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Massachusetts (District: 9)



starts 01/03/2013


William Richard “Bill” Keating (born September 6, 1952) is an American politician who has served as a http://en.wikipedia.org/wiki/United_States_House_of_Representatives">U.S. Representative fromhttp://en.wikipedia.org/wiki/Massachusetts">Massachusetts since 2011. He is a http://en.wikipedia.org/wiki/Democratic_Party_(United_States)">Democrat representing the state’s http://en.wikipedia.org/wiki/Massachusetts%27s_9th_congressional_district">9th district, which includes http://en.wikipedia.org/wiki/Cape_Cod">Cape Cod and the surrounding region. Keating raised his profile advocating for criminal justice issues in the http://en.wikipedia.org/wiki/Massachusetts_General_Court">state legislature before becoming http://en.wikipedia.org/wiki/District_attorney">district attorney (DA) of http://en.wikipedia.org/wiki/Norfolk_County,_Massachusetts">Norfolk County, where he served three terms prior to his election to Congress.

Born and raised in http://en.wikipedia.org/wiki/Norwood,_Massachusetts">Norwood, Massachusetts, Keating “took a traditional route to politics”, attending http://en.wikipedia.org/wiki/Boston_College">Boston College and http://en.wikipedia.org/wiki/Suffolk_University_Law_School">Suffolk University Law School. As a resident of http://en.wikipedia.org/wiki/Sharon,_Massachusetts">Sharon he was elected to the http://en.wikipedia.org/wiki/Massachusetts_House_of_Representatives">Massachusetts House of Representatives in 1976 and went on to serve in the state http://en.wikipedia.org/wiki/Massachusetts_Senate">Senate from 1985 to 1999. He authored numerous bills, signed into law, concerning taxation, drug crime, and sentencing reform. His attempted overthrow of Senate President http://en.wikipedia.org/wiki/William_M._Bulger">William M. Bulger in 1994 was a failure but boosted his local name recognition, which contributed to his success in the 1998 election for DA.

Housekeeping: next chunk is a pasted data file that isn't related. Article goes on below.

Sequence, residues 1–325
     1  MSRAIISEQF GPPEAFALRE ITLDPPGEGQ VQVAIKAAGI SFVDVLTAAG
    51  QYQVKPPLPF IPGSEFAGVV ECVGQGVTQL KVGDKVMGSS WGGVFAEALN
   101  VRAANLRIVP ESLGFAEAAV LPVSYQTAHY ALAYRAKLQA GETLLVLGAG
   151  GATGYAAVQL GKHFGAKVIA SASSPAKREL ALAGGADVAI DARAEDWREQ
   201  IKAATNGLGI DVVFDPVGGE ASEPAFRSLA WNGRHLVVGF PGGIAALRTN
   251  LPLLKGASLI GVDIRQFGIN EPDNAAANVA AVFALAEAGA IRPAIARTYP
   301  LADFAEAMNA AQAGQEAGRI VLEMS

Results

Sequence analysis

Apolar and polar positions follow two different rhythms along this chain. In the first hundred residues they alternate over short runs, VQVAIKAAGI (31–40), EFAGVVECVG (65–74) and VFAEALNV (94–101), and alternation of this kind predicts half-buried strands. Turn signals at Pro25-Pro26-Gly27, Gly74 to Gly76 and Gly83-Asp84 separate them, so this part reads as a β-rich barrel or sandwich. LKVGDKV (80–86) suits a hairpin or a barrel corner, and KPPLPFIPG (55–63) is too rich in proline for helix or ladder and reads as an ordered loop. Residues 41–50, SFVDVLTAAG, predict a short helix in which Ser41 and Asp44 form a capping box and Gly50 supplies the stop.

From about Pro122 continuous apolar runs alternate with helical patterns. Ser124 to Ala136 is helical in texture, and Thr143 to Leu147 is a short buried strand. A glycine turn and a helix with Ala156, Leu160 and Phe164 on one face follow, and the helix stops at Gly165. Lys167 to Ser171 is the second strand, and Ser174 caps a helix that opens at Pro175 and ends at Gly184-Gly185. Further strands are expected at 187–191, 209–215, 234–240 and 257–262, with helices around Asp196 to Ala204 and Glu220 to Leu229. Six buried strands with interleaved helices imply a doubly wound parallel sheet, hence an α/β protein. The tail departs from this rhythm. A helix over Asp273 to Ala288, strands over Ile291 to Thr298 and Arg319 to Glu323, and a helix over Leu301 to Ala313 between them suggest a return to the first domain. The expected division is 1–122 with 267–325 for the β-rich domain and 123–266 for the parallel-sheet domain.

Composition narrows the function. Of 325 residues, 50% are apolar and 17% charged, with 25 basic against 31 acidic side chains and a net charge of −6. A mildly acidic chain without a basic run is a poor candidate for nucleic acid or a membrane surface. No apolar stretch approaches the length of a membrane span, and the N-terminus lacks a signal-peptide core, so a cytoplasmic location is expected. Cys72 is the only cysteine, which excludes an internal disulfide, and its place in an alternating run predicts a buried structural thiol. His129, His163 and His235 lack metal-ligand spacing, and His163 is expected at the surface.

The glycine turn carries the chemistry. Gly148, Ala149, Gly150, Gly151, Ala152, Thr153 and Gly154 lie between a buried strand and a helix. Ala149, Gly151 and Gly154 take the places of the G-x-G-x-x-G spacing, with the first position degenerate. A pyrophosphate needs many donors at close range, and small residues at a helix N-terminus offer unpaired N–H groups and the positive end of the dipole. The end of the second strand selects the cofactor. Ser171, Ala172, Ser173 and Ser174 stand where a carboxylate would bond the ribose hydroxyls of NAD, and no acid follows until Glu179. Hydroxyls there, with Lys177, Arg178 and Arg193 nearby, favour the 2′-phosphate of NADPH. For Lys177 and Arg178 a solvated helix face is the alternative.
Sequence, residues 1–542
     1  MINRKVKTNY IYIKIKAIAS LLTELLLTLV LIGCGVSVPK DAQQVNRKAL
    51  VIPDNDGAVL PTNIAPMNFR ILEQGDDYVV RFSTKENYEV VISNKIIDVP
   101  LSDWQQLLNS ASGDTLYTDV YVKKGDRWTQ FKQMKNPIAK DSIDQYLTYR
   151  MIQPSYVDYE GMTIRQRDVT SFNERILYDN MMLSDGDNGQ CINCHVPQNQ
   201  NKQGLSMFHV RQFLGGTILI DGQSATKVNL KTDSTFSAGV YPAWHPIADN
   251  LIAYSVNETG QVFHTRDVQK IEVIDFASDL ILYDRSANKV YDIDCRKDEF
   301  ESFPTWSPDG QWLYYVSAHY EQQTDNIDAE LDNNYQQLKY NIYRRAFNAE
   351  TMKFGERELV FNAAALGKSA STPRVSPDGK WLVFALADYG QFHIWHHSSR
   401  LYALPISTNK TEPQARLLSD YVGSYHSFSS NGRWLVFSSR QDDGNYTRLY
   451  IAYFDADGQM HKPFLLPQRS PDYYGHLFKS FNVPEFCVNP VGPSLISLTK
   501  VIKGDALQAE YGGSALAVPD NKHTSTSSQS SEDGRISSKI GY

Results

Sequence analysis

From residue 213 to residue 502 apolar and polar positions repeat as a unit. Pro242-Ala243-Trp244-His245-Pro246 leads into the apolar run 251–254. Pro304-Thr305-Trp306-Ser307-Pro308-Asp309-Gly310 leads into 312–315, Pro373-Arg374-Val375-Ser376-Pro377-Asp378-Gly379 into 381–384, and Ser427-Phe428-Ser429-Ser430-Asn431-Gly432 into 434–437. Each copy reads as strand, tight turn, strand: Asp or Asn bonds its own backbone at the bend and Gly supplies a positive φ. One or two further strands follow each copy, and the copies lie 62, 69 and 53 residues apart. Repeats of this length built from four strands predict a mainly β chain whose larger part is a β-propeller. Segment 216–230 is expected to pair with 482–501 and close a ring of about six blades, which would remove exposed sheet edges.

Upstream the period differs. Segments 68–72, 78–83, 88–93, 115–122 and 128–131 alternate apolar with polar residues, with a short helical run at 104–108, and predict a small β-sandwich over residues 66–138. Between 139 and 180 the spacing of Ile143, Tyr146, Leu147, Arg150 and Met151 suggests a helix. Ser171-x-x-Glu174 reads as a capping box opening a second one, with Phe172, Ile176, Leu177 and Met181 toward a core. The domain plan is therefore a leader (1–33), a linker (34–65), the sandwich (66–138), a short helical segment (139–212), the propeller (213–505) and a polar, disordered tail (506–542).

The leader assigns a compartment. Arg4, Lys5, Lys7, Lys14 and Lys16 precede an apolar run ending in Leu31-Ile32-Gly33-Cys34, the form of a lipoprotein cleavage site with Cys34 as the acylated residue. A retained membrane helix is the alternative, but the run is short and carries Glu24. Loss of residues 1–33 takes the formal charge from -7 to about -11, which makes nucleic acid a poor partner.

He followed the path of former Norfolk DA http://en.wikipedia.org/wiki/Bill_Delahunt">Bill Delahunt to Congress, winning election in 2010 to represent the http://en.wikipedia.org/wiki/Massachusetts%27s_10th_congressional_district">10th district. Due to census redistricting which would have placed him in competition against a fellow Representative, in 2012 he chose to run in the “incumbent-free” 9th district, where he was elected to a second term. As of the http://en.wikipedia.org/wiki/113th_United_States_Congress">113th Congress (2013–2014), Keating sits on the House http://en.wikipedia.org/wiki/United_States_House_Committee_on_Homeland_Security">Homeland Security Committee and the http://en.wikipedia.org/wiki/United_States_House_Committee_on_Foreign_Affairs">Foreign Affairs Committee. Much of his work has focused on domestic issues central to his district, such as the fishing industry and nuclear safety.